First, inhomogeneities in the ocean are in fact quite common. There are density gradients in both horizontal and vertical directions and those gradients result in the baroclinic circulation of the ocean. The density gradients in the ocean are caused by salinity and temperature differences.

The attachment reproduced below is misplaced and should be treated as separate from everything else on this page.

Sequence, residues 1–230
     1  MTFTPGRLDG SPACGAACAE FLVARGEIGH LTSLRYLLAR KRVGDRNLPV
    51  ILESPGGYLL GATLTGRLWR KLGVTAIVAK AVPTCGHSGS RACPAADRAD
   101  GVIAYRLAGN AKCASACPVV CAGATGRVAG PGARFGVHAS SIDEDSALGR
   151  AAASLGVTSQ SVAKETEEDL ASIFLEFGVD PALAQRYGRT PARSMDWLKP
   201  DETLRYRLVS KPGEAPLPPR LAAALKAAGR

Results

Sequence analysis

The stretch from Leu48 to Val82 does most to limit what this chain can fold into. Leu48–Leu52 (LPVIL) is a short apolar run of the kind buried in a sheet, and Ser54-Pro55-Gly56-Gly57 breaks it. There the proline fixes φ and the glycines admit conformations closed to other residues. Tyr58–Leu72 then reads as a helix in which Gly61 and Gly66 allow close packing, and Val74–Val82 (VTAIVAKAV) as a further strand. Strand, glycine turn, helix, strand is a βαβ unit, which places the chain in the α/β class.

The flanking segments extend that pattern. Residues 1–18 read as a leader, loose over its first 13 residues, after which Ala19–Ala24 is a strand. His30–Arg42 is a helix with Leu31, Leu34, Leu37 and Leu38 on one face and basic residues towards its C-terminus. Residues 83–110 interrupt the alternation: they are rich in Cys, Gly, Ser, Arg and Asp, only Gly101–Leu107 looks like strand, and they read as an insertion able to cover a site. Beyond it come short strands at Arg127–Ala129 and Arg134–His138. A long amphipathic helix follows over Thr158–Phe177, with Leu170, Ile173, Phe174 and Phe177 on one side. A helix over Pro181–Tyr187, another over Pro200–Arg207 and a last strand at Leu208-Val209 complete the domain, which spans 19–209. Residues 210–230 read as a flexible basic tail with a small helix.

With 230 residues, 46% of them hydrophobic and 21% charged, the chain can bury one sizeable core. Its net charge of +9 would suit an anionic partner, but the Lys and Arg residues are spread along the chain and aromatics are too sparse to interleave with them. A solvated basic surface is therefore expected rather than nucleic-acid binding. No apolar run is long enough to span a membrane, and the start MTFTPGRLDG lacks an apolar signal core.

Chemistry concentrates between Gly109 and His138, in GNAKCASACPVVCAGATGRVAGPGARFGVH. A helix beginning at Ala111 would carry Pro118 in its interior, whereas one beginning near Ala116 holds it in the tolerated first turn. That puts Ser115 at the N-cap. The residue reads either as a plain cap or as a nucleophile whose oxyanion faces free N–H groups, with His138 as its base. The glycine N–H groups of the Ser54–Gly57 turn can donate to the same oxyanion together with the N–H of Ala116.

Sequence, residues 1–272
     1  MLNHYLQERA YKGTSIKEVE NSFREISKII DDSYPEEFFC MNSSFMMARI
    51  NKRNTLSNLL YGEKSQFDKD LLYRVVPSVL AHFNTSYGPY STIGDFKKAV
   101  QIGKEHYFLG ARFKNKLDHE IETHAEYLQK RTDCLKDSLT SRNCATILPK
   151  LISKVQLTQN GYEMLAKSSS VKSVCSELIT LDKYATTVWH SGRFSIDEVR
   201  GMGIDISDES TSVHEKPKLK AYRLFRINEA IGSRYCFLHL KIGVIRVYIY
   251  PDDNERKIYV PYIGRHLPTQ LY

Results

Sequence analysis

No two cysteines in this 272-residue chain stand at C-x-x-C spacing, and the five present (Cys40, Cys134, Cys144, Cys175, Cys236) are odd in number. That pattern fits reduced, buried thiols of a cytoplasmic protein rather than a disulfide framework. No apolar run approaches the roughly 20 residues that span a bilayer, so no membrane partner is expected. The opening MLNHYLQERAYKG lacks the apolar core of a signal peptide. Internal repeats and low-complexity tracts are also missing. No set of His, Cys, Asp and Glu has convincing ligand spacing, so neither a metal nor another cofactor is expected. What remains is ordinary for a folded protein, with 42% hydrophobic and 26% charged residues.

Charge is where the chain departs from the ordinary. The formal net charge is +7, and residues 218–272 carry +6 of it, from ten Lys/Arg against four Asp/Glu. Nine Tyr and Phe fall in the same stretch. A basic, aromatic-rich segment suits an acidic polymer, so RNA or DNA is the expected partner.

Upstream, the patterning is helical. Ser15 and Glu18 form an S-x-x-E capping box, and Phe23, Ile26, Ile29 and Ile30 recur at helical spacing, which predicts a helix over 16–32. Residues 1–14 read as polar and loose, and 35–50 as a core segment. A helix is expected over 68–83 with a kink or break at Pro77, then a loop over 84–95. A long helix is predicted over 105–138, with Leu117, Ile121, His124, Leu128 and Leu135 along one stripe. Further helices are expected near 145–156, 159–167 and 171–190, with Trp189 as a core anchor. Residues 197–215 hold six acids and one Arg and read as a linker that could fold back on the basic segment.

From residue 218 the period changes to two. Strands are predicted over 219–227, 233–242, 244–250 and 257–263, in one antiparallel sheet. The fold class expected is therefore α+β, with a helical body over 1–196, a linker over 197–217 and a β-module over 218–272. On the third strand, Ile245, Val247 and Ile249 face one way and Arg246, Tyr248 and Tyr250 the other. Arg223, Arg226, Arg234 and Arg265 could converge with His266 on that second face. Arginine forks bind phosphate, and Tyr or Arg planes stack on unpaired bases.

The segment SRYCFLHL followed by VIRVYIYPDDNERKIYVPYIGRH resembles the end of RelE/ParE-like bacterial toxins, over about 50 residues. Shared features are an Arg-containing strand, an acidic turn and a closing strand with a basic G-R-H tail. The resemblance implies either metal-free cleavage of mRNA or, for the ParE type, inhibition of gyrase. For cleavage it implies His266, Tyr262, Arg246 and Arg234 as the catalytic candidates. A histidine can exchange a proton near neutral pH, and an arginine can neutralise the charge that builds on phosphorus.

Rossby waves are common in the ocean. They propagate along lines of latitude with the waves traveling along the Equator being the most obvious example and the most thoroughly studied. As in the case of atmospheric Rossby waves, their formation and propagation is related to the conservation of (potential) vorticity (rotational movement, angular momentum). A parcel of water has two sources of vorticity: its own spin and the planetary spin. When a parcel of water moves across a latitudinal line, its planetary spin (planetary vorticity) changes (as the Coriolis effect is latitudinally dependent) and, in order to conserve vorticity, it changes its own spin (relative vorticity). The water parcel tends to swing back and forth around the original latitude resulting in a wave-like motion. A Rossby wave is characterized by a westward phase velocity (that of the wave crests).